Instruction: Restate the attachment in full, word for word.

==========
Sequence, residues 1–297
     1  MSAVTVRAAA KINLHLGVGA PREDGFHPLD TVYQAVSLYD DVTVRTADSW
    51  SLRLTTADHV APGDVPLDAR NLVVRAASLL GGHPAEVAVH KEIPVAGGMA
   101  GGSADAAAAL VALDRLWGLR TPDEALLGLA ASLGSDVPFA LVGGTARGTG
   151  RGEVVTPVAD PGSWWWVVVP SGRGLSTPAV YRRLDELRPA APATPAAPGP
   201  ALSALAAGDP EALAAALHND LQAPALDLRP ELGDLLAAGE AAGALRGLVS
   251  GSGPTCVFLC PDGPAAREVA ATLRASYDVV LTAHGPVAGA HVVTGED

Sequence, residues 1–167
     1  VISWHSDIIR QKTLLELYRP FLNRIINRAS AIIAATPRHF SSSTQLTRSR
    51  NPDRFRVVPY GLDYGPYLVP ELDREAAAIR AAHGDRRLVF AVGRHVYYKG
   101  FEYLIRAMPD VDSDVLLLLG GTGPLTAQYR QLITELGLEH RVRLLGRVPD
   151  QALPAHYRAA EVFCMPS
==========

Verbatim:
Sequence, residues 1–297
     1  MSAVTVRAAA KINLHLGVGA PREDGFHPLD TVYQAVSLYD DVTVRTADSW
    51  SLRLTTADHV APGDVPLDAR NLVVRAASLL GGHPAEVAVH KEIPVAGGMA
   101  GGSADAAAAL VALDRLWGLR TPDEALLGLA ASLGSDVPFA LVGGTARGTG
   151  RGEVVTPVAD PGSWWWVVVP SGRGLSTPAV YRRLDELRPA APATPAAPGP
   201  ALSALAAGDP EALAAALHND LQAPALDLRP ELGDLLAAGE AAGALRGLVS
   251  GSGPTCVFLC PDGPAAREVA ATLRASYDVV LTAHGPVAGA HVVTGED

Sequence, residues 1–167
     1  VISWHSDIIR QKTLLELYRP FLNRIINRAS AIIAATPRHF SSSTQLTRSR
    51  NPDRFRVVPY GLDYGPYLVP ELDREAAAIR AAHGDRRLVF AVGRHVYYKG
   101  FEYLIRAMPD VDSDVLLLLG GTGPLTAQYR QLITELGLEH RVRLLGRVPD
   151  QALPAHYRAA EVFCMPS